Banyo dong, ghost apts under the shadow of Jangsan.
We go up the streets at the foothills of Jangsan in the night. Circling its enormous base, trying to find temples lit by lantern. We drive through orange lit alleys and sleeping houses. Few old people and uniformed students walking the streets. Our motorcycle can’t take us some hilly streets so we dismount and hike up . We go to the upper most levels and find apartments surrounded by quiet night forests and dead ends. We go down. We discover a line of unlit lanterns and it guides us through more dark ascensions. Shadowy cats cross the inclined mountain streets. A dark wooden temple on a corner guarding the entrance to the forest. We continue our drive. We find a road that runs up and parallel to a great white wall. Cars parked by the side of the road. At the top there a no lights except from the villages and the city fragments below. A dark green lump of a mountain, like a bell top that’s been carpeted by lichens extends out of the city. We look around these small apartments and they remind me of whited sepulchers from necropoleis in dreams. Sacked columbarium walls. Windows black and uninviting to the living. Nobody resides in them anymore. Entrails of structure strewn across the yards of burned grass. A playground. Figures contorted against the night. Swings and swiveling contraptions that tonight appear like childhood nightmare dokebis. She says let’s go and she’s startled by my torch light as it begins to inspect the dead playground and uncovers shadows. We leave. We find a park at the edge of Banyo dong. An old man trains his little dog like a drill sergeant. Two girls talk and look on as the dog runs and sits and dies on command.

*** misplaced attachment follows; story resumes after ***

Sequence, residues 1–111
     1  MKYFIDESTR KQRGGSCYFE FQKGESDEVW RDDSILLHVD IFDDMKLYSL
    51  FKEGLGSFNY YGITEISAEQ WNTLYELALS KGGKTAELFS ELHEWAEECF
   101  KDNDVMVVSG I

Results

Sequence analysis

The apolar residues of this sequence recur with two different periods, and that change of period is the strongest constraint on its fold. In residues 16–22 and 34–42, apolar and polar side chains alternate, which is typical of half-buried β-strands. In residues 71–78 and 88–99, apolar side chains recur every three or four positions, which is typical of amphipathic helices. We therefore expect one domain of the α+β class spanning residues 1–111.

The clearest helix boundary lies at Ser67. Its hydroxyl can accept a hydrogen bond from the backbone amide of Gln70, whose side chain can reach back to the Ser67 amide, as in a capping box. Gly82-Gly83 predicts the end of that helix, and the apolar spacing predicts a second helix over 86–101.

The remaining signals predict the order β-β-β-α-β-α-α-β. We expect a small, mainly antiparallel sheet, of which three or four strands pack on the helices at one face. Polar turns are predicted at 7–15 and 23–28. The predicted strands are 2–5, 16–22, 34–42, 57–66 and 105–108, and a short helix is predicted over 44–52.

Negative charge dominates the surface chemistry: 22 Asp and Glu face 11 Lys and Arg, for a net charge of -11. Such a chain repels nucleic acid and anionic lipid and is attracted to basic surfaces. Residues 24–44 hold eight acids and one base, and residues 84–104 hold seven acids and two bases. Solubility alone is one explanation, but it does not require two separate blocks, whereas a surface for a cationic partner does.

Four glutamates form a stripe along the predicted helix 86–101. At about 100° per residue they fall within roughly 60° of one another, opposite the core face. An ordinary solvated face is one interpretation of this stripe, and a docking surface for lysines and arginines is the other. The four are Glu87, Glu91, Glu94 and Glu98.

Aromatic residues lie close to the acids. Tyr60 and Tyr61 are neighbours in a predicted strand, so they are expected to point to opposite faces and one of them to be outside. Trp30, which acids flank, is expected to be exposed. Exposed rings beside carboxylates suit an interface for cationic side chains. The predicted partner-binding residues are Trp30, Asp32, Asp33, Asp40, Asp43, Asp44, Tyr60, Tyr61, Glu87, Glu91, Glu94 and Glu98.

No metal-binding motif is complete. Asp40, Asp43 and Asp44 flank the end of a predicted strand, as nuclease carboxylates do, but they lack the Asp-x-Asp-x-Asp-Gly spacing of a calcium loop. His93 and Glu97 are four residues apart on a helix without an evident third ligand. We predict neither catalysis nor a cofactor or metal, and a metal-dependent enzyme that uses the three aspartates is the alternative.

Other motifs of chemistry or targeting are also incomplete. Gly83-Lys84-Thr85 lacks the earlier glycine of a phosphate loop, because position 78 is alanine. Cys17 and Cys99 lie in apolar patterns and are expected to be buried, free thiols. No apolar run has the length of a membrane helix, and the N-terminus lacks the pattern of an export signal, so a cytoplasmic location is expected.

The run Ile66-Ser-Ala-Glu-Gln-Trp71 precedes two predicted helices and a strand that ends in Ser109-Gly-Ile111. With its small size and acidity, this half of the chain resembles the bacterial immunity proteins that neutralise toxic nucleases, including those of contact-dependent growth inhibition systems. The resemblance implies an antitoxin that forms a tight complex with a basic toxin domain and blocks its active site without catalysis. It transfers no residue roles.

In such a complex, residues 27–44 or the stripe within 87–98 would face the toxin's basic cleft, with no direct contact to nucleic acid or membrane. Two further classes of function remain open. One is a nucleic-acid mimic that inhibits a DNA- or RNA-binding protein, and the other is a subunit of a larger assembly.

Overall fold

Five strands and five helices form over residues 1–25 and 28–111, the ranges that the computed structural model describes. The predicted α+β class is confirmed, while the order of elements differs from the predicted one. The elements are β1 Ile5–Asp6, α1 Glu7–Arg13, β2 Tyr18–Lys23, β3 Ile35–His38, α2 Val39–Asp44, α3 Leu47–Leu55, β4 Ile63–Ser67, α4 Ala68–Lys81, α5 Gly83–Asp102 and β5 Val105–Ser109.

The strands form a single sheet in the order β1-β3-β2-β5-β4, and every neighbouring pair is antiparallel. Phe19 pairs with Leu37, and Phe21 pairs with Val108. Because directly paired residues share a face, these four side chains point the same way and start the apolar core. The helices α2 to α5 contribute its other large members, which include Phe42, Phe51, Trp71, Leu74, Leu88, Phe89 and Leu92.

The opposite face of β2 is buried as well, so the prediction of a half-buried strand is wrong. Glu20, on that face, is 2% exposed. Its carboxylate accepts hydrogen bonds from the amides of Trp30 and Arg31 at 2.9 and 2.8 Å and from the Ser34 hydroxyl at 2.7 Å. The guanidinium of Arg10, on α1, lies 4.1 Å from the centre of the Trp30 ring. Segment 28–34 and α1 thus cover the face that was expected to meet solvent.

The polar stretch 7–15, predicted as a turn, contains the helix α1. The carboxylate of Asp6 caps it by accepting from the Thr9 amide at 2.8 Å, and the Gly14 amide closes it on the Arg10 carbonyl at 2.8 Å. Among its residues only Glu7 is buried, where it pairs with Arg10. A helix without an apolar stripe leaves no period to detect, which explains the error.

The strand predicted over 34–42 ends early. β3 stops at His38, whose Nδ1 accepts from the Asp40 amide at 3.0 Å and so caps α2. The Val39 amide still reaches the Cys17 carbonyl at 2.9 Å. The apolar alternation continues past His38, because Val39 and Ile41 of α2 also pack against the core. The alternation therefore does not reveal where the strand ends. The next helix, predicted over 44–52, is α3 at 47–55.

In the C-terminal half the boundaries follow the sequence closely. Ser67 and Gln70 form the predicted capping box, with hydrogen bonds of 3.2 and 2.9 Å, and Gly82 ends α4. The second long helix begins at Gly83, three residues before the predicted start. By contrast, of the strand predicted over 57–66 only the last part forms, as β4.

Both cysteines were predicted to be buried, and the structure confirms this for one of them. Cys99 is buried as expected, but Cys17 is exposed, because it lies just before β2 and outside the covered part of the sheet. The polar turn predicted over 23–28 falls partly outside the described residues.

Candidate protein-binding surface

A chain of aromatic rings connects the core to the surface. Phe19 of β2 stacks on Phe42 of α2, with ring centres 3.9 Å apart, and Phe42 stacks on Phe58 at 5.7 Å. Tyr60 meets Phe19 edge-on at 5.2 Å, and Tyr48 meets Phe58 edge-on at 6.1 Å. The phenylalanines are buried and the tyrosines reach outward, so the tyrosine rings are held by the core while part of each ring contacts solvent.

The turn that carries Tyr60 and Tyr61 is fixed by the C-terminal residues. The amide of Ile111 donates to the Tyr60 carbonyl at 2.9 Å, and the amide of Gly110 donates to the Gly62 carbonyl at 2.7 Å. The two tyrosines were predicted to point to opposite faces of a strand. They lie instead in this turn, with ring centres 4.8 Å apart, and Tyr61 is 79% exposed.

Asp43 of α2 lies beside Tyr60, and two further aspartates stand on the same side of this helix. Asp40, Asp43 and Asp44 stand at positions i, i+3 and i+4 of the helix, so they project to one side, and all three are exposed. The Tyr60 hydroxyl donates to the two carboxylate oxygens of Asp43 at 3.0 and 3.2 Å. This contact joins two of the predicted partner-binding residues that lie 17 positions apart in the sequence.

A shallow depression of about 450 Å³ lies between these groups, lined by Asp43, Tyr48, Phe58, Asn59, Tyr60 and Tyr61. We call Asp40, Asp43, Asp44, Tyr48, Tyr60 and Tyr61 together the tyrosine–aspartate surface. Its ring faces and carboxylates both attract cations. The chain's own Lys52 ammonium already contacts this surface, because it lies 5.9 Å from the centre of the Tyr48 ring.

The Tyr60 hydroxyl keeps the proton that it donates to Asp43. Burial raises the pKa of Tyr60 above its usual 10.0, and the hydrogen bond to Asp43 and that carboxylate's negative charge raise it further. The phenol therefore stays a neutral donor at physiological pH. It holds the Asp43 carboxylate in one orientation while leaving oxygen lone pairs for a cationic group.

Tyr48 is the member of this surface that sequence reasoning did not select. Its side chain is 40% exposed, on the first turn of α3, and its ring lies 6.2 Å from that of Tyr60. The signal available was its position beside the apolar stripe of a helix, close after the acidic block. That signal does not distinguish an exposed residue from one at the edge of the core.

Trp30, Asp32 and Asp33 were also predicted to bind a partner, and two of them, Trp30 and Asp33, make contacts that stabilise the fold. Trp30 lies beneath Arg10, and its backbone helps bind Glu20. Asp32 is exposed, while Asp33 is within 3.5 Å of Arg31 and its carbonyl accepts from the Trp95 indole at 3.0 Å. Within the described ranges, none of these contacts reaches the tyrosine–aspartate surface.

Uninhabited apartments in a city made of lightemittingdiods. At night in Sajik the peace of these apartments’ shadows settle in the eyes like unlit forests in a city of fluorescence. A gap in the alluring lights. There’s fleeting life in them like in the body of an animal that once was loved and cared for and now lays in agony and soon will be dead and then dust. And these white apartments are to become rubble and be recycled into something new. On each of those windows a dim aura of deep melancholy of somebody’s lost childhood, joyous married life or mere loneliness.
Saturday night. I’m in another cemetery dream. Fourth one in six months. They are actually never scary but thrilling and filled with expectation.
Night. Graves scattered up and all around a hill lit by orange street lights. City lights spread below like the first sight of Las Vegas driving in from the East. I’m walking up a winding road that snakes through the ruins of Cerro Santa Lucia‘s fortress. The trees have a few purple leaves left. I wake up briefly. Then back to another dream. I’m in the river from The Master. There’s a lone cameraman in the water looking through a large camera as Joaquin Phoenix runs up the banks of the river. The tripod legs run into the water. Southern willow trees in the breeze. I tell the lone man I’ve seen this before. He turns around, it’s Tony Scott.
I’m not surprised. I sort of know this is a dream already. Director Tony Scott jumped to his death from Vincent Thomas Bridge in LA last month. But he’s here, wearing a pink baseball cap. He explains that this camera records into these tapes. Ejects a miniDV tape from the camera and shows it to me. I’m obviously not impressed and he seems distracted. He walks away leaving me to look after the camera. “Red” says a production assistant that stands arms crossed behind me. “I think the camera is a red.” I notice that one of the tripod legs rests on a leather treasure chest under the water. I move the camera to open the treasure. Inside, wrapped in newspaper like the Maltese Falcon, Halloween masks. I’m a little disappointed. They’re John Belushi masks in Blues Brothers character. I wake up.